New year's challenges
December 8, 2003,
OK, it is beginning.
As we reported last week, it seems that demand for cotton is exceeding supply, and as a result prices look like they may be skyrocketing for 2004 — with fabric folks talking about 30-plus percentage increases and home textiles suppliers talking about how off-shore producers are refusing to fulfill orders on previously agreed to prices. But then these steep price increase demands may be just a temporary thing. How this all works in a deflationary environment is something nobody yet has been able to figure out.
Now domestic suppliers are beginning to grapple with the pros and cons of off-shore supply, quality issues and the other stuff that is entering into the picture.
Off-shore supply definitely is not going away. But what is happening is that those suppliers are going to be forced to comply with U.S. regs when it comes to specific issues. Talking with fabric guys here vis a vis what seems to be inevitable regarding flammability regs, the universal belief is that the suppliers off-shore will be liable for performance. The big question is how to make them understand that this country means business, and that there are no exceptions.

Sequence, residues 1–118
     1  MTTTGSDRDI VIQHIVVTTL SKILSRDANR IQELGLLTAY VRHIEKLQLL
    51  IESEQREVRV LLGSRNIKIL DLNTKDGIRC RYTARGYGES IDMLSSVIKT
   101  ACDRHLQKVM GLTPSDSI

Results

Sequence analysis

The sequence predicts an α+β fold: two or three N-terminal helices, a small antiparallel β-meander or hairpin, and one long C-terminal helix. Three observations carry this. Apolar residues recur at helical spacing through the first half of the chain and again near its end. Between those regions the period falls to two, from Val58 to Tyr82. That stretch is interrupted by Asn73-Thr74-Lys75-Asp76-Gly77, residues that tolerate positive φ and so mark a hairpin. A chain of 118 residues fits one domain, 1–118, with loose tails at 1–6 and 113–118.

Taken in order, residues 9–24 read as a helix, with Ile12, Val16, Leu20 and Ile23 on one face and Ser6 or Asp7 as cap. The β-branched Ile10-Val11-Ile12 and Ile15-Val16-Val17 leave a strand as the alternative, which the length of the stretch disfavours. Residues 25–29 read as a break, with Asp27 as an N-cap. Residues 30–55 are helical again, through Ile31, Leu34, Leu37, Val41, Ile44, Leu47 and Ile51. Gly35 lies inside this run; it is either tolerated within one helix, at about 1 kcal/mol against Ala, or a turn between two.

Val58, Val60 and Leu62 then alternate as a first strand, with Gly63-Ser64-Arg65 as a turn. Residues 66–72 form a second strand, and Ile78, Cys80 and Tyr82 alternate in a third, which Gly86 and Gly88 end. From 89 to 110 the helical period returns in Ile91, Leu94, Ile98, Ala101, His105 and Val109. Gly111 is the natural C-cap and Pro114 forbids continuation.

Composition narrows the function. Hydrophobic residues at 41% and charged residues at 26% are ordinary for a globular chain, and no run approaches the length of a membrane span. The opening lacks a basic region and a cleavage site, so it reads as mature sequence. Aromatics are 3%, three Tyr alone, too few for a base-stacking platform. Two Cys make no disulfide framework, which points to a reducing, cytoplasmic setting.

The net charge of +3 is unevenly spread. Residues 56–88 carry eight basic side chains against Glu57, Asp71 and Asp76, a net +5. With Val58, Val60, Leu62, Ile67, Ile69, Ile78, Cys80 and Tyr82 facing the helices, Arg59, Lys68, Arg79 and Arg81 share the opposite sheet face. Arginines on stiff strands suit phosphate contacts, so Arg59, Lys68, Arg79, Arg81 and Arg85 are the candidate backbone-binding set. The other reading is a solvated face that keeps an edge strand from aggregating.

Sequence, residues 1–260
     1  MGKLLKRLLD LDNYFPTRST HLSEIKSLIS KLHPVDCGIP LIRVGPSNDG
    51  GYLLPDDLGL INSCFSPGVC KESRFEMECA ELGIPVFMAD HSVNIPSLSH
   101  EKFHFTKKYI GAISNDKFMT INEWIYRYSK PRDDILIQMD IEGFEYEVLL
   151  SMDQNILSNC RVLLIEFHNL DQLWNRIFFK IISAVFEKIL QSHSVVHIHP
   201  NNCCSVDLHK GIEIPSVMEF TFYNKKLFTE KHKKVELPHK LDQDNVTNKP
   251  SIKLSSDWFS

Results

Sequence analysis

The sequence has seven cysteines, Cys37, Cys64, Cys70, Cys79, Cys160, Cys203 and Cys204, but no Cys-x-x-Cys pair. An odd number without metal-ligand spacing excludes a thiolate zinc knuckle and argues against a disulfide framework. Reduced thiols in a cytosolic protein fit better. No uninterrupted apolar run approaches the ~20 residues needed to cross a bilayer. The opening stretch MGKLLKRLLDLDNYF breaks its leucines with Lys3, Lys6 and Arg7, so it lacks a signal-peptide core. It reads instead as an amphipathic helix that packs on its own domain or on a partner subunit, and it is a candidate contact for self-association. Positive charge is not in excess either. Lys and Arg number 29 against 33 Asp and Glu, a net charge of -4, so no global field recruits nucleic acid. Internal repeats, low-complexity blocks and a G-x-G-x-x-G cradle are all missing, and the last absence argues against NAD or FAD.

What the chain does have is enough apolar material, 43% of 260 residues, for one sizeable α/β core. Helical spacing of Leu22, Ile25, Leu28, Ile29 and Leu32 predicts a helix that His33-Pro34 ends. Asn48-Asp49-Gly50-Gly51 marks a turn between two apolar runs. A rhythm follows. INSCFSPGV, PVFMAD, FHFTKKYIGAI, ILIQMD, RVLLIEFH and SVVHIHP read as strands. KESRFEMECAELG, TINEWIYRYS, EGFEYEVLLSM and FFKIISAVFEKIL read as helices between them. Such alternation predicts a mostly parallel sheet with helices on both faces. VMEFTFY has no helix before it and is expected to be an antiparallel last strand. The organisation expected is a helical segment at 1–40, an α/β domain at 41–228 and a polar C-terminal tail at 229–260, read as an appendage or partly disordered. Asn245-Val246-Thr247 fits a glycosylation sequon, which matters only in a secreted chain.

Among the issues is what retail companies from one end of the price and quality spectrum to the other like Wal-Mart and Federated will accept as performance, and how these regs will be policed. If stuff comes in ostensibly in compliance and proves otherwise, who's to blame?
Similarly, domestic suppliers have the challenge of making sure that their off-shore suppliers are in compliance.
And this impacts not just suppliers in Asia where there still is a dramatic learning curve vis a vis American standards, but Europeans as well.
As for the quality issue, the mantra is "don't let it leave if it ain't right." Once on this side of the big pond, it stays here.
This will be an on-going challenge for the next year.
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